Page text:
Bennett v. Arizona State Board of Public WelfareAnnotate this Case
95 Ariz. 170 (1963)
388 P.2d 166
Josephine BENNETT, d/b/a Bennett's Nursery, Petitioner, v. The ARIZONA STATE BOARD OF PUBLIC WELFARE and David M. Solomon, M.D., Chairman, and Paul G. Rees, Jr., Charles P. Neumann, M.D., Dix W. Price and Vincent L. Taylor, Members thereof, and Fen Hildreth, Arizona State Commissioner of Public Welfare, Respondents.
Supreme Court of Arizona. En Banc.
December 27, 1963.
Rehearing Denied January 28, 1964.
*171 Johnson, Walton & Mills, by John Wm. Johnson and J.M. Abbey, Tucson, for petitioner.
Robert W. Pickrell, Atty. Gen., and Philip M. Haggerty, Asst. Atty. Gen., for respondents.
This action was commenced in this Court as an original petition for certiorari to examine a decision of the State Board of Public Welfare denying petitioner a license to operate a child's care nursery. Jurisdiction was accepted on the authority of Findlay v. Board of Supervisors, 72 Ariz. 58, 230 P.2d 526, 24 A.L.R.2d 841.
For some years prior to 1957, petitioner operated a nursery in Tucson, Arizona. In that year, the legislature enacted Chapter 85, Laws of 1957, now A.R.S. § 8-601 et seq. The act provides for the licensing by the State Department of Public Welfare of agencies maintaining facilities for care, supervision and training of children under the age of sixteen years. However, the legislature did not appropriate funds for the implementation of the act until 1960. By the act, A.R.S. § 8-602, existing child care agencies were given ninety days within which to make application for a license. Petitioner duly applied for a license. She was told by telephone and later by letter dated March 1, 1961, that the department had refused her application. Petitioner then requested a hearing before the State Board of Public Welfare to examine into the reason for the denial of her application *172 for a license. On March 28, she received a letter which, in part, stated that the act did not provide for a hearing and therefore none would be given. Notwithstanding, petitioner attended the next scheduled meeting of the Board but she was refused the opportunity to establish that she conducted her child's nursery within the standards fixed by the legislature.
Petitioner next sought by way of mandamus in the Superior Court of Pima County to compel the issuance of a license. However relief there was denied. She appealed to this Court by way of certiorari to determine the constitutionality of the statute under which the Welfare Board acted, contending that the act was in violation of Article II, § 4, the due process clause of the Arizona Constitution, A.R.S.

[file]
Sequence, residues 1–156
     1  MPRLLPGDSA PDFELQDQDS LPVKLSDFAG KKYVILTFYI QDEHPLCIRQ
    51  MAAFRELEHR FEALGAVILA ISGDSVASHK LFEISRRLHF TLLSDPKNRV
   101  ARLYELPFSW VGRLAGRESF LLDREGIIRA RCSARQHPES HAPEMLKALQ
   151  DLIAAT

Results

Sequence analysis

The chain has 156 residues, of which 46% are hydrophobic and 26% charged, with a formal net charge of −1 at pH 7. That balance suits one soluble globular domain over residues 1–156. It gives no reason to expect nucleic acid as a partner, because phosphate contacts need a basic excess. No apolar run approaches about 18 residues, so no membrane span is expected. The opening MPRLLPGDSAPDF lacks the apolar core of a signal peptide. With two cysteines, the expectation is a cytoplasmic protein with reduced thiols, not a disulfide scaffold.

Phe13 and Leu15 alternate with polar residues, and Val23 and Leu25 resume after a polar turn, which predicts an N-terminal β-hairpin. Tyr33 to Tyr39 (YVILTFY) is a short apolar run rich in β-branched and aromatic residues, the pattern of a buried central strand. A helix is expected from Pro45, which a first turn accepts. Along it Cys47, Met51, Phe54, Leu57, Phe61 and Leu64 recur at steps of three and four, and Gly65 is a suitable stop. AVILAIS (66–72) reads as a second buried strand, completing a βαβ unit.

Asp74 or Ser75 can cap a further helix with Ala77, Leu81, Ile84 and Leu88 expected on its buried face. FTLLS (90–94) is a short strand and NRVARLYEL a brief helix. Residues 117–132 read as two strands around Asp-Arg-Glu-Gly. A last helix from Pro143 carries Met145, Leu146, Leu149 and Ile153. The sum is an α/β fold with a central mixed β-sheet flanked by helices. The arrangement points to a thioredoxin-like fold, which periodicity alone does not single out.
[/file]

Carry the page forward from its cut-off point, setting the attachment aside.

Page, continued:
In this petitioner is correct. Article II, § 4 of the Arizona Constitution provides:"No person shall be deprived of life, liberty, or property without due process of law."
This section is the corollary to the first clause of the 14th Amendment of the United States Constitution. Its purpose is to preserve personal and property rights against arbitrary action of public officials. 1 Am.Jur.2d Administrative Law, § 148.
Chapter 85 requires that the State Department of Public Welfare shall license individuals engaging in those businesses coming within the legislative definition of "child care agencies" and provides that the State Department of Public Welfare in cooperation with the Department of Public Health shall prescribe reasonable rules, regulations and standards for conducting such agencies. The act does not provide for a hearing to determine if the State Board has acted arbitrarily and capriciously in denying an applicant a license. Hence no opportunity is afforded an applicant to meet or rebut evidence so as to establish compliance and conformity with the standards of care prescribed. Nor is petitioner given a remedy by judicial review of the department's administrative decision. A.R.S. § 12-902 specifically excepts from a review the decision of the State Department of Public Welfare.